Since World War II, we use exponentially more chemicals; environmental regulations, such as the Clean Air and Water Act have been gutted; drugs like SSRIs and antibiotics are not only in heavy use, they are now ubiquitous in our food and our water. A study at Columbia University’s Mailman School of Public Health has found that burning fossil fuels releases toxins like polycyclic aromatic hydrocarbons, which have been shown to be associated with developmental delays.
And while people like Seinfeld and Temple Grandin make a nice living, at the “other” end of the spectrum, what are the costs?
Our own family’s out-of-pocket expenses of raising a child with autism average $20,000 to $30,000 a year — as it has, very consistently in the last 10 years — including schooling, legal fees, therapies, childcare, which puts us exactly in the CDC’s estimate of $21,000. If the high rate of autism isn’t disturbing to you, consider that the cost to care for and house a severely autistic adult for life easily exceeds a million dollars, not to mention forgoing the tax revenue, etc., if the person could participate fully in society. Taken in aggregate, the CDC tells us, “the societal costs of caring for children with ASD were over $9 billion in 2011.”
And I haven’t even begun to address the emotional costs, of having a child who can’t speak, connect, one that might be a danger to himself and others. If you want to read one book that helps illuminate the lives of parents of kids with severe autism — a gigantic missing piece in the cultural portrayal of autism — read Andrew Solomon’s “Far From the Tree.” These children are not solving mysteries, getting Ph.D.s, becoming millionaire comedians.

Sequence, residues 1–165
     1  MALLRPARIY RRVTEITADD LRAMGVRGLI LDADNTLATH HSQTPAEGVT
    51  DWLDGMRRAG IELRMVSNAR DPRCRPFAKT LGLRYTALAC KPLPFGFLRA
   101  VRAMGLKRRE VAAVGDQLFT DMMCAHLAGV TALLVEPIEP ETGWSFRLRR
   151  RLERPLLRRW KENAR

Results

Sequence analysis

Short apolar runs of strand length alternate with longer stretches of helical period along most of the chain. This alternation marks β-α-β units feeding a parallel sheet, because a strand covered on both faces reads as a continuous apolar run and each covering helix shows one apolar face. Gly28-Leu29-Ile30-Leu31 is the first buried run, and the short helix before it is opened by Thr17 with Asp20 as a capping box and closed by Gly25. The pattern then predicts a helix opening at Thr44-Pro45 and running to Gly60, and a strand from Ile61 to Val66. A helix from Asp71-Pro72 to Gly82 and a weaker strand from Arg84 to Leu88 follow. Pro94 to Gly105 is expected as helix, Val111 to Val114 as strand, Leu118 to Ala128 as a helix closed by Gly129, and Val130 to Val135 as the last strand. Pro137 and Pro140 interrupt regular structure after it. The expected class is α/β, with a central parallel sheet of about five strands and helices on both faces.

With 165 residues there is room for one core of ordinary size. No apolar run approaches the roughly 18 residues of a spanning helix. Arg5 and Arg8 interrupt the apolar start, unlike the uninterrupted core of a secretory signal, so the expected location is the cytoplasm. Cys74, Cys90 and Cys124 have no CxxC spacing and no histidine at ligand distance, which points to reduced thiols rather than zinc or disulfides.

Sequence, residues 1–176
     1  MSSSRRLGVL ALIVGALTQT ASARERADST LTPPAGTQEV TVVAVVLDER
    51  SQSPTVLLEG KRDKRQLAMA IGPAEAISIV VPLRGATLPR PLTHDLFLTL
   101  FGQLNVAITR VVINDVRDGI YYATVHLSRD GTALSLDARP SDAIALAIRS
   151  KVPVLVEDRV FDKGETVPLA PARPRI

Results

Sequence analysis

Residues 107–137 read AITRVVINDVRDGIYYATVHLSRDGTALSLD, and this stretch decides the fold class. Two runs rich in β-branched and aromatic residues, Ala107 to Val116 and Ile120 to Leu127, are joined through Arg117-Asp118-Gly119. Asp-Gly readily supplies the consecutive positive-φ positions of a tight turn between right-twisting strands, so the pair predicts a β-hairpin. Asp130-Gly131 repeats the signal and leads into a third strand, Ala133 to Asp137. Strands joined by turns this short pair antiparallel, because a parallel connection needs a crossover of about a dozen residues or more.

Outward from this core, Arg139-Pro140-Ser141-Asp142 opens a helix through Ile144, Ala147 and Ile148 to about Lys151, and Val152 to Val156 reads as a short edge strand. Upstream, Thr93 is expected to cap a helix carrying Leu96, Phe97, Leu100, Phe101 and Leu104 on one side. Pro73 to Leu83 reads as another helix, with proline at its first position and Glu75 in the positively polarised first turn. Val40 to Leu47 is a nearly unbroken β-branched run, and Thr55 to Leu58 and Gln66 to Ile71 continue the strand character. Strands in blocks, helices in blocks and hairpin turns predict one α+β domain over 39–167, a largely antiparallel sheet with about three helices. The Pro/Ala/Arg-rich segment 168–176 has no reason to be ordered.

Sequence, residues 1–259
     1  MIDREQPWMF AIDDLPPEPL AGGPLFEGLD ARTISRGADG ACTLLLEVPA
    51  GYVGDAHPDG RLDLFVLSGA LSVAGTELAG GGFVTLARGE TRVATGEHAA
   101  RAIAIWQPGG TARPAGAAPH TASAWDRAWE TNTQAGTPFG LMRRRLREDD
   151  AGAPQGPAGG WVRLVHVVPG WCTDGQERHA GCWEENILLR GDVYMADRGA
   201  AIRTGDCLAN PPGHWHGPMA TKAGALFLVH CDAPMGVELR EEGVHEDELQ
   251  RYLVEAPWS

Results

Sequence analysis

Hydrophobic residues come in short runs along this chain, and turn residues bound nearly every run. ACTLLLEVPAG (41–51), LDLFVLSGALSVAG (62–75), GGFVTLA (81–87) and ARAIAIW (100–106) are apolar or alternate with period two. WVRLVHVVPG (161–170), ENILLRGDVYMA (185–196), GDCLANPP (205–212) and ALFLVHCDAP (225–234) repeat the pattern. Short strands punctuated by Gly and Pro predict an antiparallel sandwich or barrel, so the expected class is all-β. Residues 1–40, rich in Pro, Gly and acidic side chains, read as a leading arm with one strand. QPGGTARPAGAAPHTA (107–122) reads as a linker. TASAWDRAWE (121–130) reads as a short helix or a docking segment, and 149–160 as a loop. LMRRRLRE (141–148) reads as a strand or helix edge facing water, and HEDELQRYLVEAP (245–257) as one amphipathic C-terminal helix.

Being a parent of a child with severe autism in no way diminishes my respect and admiration for Jerry Seinfeld and others striving for autism acceptance. What I am proposing is separating the high-functioning end of the spectrum — perhaps calling it something else — so that we can focus on the urgent and looming issue at hand.
In my city alone, a former pharmaceutical executive is on trial for killing her autistic son via drug overdose; the cover story of a recent New York magazine was of Kelli Stapleton, who attempted to kill her autistic daughter via carbon monoxide. If you read the fine print of the news, every few weeks or so you’ll see that another child with autism has wandered off and drowned somewhere. In New York, it was a boy named Avonte Oquendo whose disappearance set off a city-wide search in October, his remains washing up the following January on the shores of the East River, where he’d drowned, a few blocks from his school and likely only minutes after he’d left.
It’s only a matter of time before another child is killed, and we won’t even remember their names. We need to call autism what it is: a public health emergency, no less deadly and devastating than Ebola.
And beyond the public health issue, at these numbers — I have to repeat: 1 in 68 — where are we as a society if we continue to ignore the cancer-like growth of incidences of a disorder that was virtually unheard of just a generation ago? If it turns out environmental factors are at play — factors that we steadfastly ignored because we glossed it over by saying, “How bad could autism be? Jerry Seinfeld has it” — then we are all culpable in robbing these children of their potential and sometimes their lives.
This essay was first published on Salon.com in November 2014.